Our skin reveals a lot of information on how we feel when we are exposed to emotionally loaded images, videos, events, or other kinds of stimuli – both positive (“aww, how cute!”) and negative (“yikes!”). No matter whether we are stressed, nervous, fearful, psyched up, stoked,
baffled, or surprised – whenever we are emotionally aroused, the electrical conductivity of our skin subtly changes. One of the most sensitive measures of emotional arousal is Galvanic Skin Response (GSR), also referred to as Electrodermal Activity (EDA) or Skin Conductance (SC).
What makes GSR such a valuable biometric signal in assessing emotional behavior?
With GSR, you can tap into unconscious behavior that is not under cognitive control. Skin conductivity is solely modulated by autonomic sympathetic activity that drives bodily processes, cognitive and emotional states as well as cognition on an entirely subconscious level. We simply cannot consciously control the level of skin conductivity. Exactly this circumstance renders GSR the perfect marker for emotional arousal as it offers undiluted insights into physiological and psychological processes of a person.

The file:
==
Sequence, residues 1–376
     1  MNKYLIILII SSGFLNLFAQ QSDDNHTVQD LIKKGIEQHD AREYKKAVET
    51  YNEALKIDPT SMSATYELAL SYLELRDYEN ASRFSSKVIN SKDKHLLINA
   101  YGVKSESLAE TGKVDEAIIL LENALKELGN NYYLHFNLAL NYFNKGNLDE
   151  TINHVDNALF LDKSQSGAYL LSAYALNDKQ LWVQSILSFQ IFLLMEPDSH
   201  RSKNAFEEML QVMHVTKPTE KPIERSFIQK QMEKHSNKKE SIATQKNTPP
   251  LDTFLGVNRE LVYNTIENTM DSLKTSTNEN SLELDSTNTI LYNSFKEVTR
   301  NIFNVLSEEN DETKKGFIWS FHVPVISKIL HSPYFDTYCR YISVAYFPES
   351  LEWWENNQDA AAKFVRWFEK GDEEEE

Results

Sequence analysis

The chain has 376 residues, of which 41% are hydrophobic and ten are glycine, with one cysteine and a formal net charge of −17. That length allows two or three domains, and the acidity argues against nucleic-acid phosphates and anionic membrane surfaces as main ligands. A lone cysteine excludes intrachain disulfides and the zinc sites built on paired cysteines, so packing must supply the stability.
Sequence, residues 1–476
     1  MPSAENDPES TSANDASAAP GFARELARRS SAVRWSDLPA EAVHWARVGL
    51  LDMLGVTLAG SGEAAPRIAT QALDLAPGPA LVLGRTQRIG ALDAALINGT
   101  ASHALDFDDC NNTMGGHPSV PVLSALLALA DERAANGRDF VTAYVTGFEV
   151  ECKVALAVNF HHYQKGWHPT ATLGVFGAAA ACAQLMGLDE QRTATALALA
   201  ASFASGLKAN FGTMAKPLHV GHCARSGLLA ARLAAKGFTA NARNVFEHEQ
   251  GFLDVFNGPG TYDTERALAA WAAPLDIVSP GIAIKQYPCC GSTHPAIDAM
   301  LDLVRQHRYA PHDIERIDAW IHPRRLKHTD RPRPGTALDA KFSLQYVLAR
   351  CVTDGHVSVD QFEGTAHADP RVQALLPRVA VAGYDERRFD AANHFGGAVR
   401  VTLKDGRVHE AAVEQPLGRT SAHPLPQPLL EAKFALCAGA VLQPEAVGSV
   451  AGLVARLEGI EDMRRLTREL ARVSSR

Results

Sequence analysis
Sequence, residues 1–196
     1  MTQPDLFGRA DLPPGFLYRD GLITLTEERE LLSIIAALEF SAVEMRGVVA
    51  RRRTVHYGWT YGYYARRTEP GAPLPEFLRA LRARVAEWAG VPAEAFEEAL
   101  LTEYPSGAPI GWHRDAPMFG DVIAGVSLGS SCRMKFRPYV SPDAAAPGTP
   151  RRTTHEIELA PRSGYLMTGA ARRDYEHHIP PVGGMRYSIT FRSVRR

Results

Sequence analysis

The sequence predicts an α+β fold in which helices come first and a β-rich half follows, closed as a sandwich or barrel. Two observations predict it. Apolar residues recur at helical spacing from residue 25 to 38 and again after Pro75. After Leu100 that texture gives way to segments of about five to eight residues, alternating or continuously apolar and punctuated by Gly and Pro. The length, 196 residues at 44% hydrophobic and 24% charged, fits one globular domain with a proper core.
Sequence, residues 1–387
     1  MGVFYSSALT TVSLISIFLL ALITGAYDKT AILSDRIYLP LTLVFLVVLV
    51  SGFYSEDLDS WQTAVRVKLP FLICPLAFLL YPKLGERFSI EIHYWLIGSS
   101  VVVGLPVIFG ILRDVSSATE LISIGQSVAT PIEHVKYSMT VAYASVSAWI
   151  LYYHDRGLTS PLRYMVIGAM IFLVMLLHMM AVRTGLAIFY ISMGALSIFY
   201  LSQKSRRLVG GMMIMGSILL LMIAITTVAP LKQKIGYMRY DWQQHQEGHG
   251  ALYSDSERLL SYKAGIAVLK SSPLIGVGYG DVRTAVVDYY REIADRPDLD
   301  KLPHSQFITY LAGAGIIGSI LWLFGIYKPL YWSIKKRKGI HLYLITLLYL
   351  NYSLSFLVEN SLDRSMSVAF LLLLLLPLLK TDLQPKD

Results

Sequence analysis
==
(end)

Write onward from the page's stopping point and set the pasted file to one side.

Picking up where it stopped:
Application field of GSR
With GSR, the impact of any emotionally arousing content, product or service can be tested – actual physical objects, videos, images, sounds, odors, food probes and other sensory stimuli as well as thought experiments and mental images.
The logic behind GSR is very simple:
1. Place two electrodes on emotionally sensitive body locations
2. Apply a constant low voltage
3. Measure the electrical current between the two electrodes
4. Report the associated skin conductance
What about the sampling rate?
Although GSR data might be acquired with arbitrary sampling rates (up to 2000 Hz), very low sampling rates are sufficient. We suggest sampling rates from 1 to 10 Hz, however, keep in mind that higher sampling rates might be necessary if the same device collects GSR and other physiological parameters such as (optical) heart rate, for example.
Sensor placement #
While sweat glands are present in almost all parts of the body, certain areas respond more strongly to emotional stimulation. Particularly, the palms of the hands, fingers and foot soles are sensitive recording sites.
Which location should you choose for your recording?
Also see Consensys – GSR software for information about the software.